‘The Expendables’ movie review: Stallone’s ode to Golan-Globus and Cannon Films

Sylvester Stallone’s The Expendables is the 2010 equivalent of a 1985 Golan-Globus production, a Delta Force or Missing in Action or Cobra (which Stallone starred in). No irony or any kind of pretense: this is a bad mid-1980’s actioner through-and-through, in the no-apologies you-know-if-it’s-for-you vein. 

That’s precisely what Stallone was going for here, and he pretty much perfectly achieved it, which I give him a lot of credit for. Even if it doesn’t make this a good movie.

The cast is quite clearly the big draw for The Expendables, a who’s-who of tough guy action heroes: Stallone, Jason Statham, Jet Li, Mickey Rourke, Dolph Lundgren, UFC star Randy Couture, WWE star Steve Austin, NFL star Terry Crews, kickboxer Gary Daniels, B-movie villain standby Eric Roberts. 

Not enough? Bruce Willis shows up for an extended cameo, and Arnold Schwarzenegger shows up for a shorter one.

Stallone, Willis, and Schwarzenegger feature in the best scene in the movie, where they just chat for a few incredible minutes (I wouldn’t dream of spoiling the cameos if they weren’t featured so prominently in the film’s trailers.) 

I wasn’t even following the conversation, the star power ignites the screen like when Brando, Pacino, Caan and Duvall would share a scene in The Godfather. Just a different, ahem, style of acting on display.

It’s a good thing Stallone got all these names to jump on board, because he (and co-writer Dave Callaham) forgot to write actual characters for them to play (a no-name version of this film? Golan-Globus Hell.) 

Only Statham, as Lee Christmas, has anything resembling a backstory, a rather half-assed storyline involving a girlfriend (Charisma Carpenter). Even Stallone, who fills the screen throughout 90% of the film, has nothing to play off of besides his own image.

Stallone ‘plays’ Barney Ross, commander of a team of mercenaries composed of Lundgren, Statham, Li, Couture, and Crews (character names? Irrelevant – I don’t think Crews or Couture are even referred to by name during the movie.) Shady government agent ‘Church’ (Willis) assigns them the task of assassinating a corrupt dictator of a fictional third world country (David Zayas), who happens to be the puppet of American James Munroe (Eric Roberts).

Make no mistake, this is a bad movie – almost indefensible on any level, it fails to match Stallone’s previous Rambo film for visceral excitement, and slogs through a been-there, done-that story peppered with hand-to-hand combat scenes, gunfire, and many, many explosions.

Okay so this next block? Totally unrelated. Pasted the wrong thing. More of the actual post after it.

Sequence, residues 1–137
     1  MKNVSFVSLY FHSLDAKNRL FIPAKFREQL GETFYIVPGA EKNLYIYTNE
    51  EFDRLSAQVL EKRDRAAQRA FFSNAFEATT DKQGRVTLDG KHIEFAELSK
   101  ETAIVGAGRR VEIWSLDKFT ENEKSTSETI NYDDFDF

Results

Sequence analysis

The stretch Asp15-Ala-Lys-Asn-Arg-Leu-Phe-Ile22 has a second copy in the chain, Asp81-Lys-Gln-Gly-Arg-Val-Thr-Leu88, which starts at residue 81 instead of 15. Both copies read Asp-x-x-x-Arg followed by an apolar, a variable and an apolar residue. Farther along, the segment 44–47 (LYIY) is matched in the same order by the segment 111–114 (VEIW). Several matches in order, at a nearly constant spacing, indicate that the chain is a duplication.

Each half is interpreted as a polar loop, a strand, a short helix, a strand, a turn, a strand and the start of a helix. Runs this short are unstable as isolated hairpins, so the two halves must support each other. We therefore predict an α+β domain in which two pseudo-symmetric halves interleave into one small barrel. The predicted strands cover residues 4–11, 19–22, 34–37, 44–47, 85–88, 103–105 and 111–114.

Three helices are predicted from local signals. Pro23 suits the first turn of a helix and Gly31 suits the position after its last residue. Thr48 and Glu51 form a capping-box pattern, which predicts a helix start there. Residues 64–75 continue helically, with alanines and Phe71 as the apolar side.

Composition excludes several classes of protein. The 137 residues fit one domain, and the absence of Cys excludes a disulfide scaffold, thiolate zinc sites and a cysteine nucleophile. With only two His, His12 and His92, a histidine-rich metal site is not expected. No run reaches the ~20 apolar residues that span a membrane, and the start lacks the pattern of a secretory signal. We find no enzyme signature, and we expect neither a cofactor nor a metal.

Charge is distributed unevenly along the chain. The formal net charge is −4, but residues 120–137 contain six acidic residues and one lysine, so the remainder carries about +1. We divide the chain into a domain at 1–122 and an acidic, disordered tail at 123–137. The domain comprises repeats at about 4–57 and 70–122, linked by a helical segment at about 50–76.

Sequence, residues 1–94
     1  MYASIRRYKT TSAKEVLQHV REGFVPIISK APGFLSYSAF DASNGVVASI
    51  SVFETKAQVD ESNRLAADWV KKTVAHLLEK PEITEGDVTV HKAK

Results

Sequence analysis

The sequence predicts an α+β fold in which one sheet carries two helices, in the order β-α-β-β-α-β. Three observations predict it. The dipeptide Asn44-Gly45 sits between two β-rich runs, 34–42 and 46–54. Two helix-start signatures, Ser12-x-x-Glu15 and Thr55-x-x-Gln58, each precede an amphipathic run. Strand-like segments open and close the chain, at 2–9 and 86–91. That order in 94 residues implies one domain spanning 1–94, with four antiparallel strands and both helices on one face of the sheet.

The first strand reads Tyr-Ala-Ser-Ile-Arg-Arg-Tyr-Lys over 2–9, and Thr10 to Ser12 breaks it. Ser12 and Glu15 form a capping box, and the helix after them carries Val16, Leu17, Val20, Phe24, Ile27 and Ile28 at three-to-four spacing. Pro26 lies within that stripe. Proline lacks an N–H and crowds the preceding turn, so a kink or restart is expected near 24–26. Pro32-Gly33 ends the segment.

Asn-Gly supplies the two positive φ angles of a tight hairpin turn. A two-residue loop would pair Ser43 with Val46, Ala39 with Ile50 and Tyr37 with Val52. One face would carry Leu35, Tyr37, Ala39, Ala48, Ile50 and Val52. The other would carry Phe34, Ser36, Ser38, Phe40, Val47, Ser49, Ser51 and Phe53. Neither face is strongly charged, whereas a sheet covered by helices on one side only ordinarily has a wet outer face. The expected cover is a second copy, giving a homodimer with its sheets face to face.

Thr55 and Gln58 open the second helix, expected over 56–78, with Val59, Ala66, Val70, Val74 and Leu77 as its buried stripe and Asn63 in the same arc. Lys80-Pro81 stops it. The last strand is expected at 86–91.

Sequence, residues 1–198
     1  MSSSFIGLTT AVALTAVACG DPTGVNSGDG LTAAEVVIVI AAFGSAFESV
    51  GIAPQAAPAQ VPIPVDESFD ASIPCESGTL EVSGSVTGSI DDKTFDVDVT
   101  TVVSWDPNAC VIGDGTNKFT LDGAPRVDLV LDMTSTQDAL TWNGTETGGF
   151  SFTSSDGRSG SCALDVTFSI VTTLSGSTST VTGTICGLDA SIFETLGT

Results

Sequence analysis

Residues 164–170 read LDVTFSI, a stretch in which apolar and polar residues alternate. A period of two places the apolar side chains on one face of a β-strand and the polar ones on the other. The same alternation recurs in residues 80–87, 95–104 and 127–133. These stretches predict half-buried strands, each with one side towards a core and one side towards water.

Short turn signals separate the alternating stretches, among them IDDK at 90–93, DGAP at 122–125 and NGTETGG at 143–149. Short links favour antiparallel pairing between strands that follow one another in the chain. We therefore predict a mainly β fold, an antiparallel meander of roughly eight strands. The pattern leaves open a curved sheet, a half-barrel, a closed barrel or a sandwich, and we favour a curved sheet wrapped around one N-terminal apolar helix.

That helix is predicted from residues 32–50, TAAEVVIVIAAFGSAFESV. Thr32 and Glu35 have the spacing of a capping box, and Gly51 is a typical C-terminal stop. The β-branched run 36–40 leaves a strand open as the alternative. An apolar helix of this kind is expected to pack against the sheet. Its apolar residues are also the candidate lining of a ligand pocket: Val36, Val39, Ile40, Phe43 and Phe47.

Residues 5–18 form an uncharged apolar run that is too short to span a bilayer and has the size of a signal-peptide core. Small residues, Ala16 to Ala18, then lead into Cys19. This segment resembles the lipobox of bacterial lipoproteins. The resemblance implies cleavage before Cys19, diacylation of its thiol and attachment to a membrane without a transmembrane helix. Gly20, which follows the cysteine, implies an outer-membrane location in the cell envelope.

But who am I kidding? I had a blast with The Expendables, and would wholly recommend it if not for two key failings. It’s the kind of authentic piece of it-what-it-is action that I never thought I’d see in the cinema again, and the kind of bad movie that’s OK because it’s exactly what they set out to make.

But two key problems I cannot forgive. The action scenes are a disappointment: Greengrass-style rapid-fire editing, nauseous camera stuff. Not the worst I’ve seen, and fine for pseudo-art and visceral thrills, but not appropriate here. There’s also some awful use of (incredibly) poor CGI. 

The explosions look fake, the bloodletting looks fake; when one major character buys it, I was shocked at how awful and unconvincing a simple knife through the chest was. A major letdown, and one thing 80s Golan-Globus has over this film in spades: real explosions, and practical effects that had a real weight to them no matter how unconvincing they might have appeared.

You know what you’re getting with The Expendables, and if you think you’ll like it I doubt even the movie itself will change your mind. Fans of professional wrestling should enjoy it most, with dream matchups of action stars: Stallone vs. Austin, Li vs. Lundgren, Statham vs. Daniels, etc. Not excited by the cast? Steer clear.


Jason Pirodsky

Jason Pirodsky

Jason Pirodsky has been writing about the Prague film scene and reviewing films in print and online media since 2005. A member of the Online Film Critics Society, you can also catch his musings on life in Prague at expats.cz and tips on mindfulness sourced from ancient principles at MaArtial.com.

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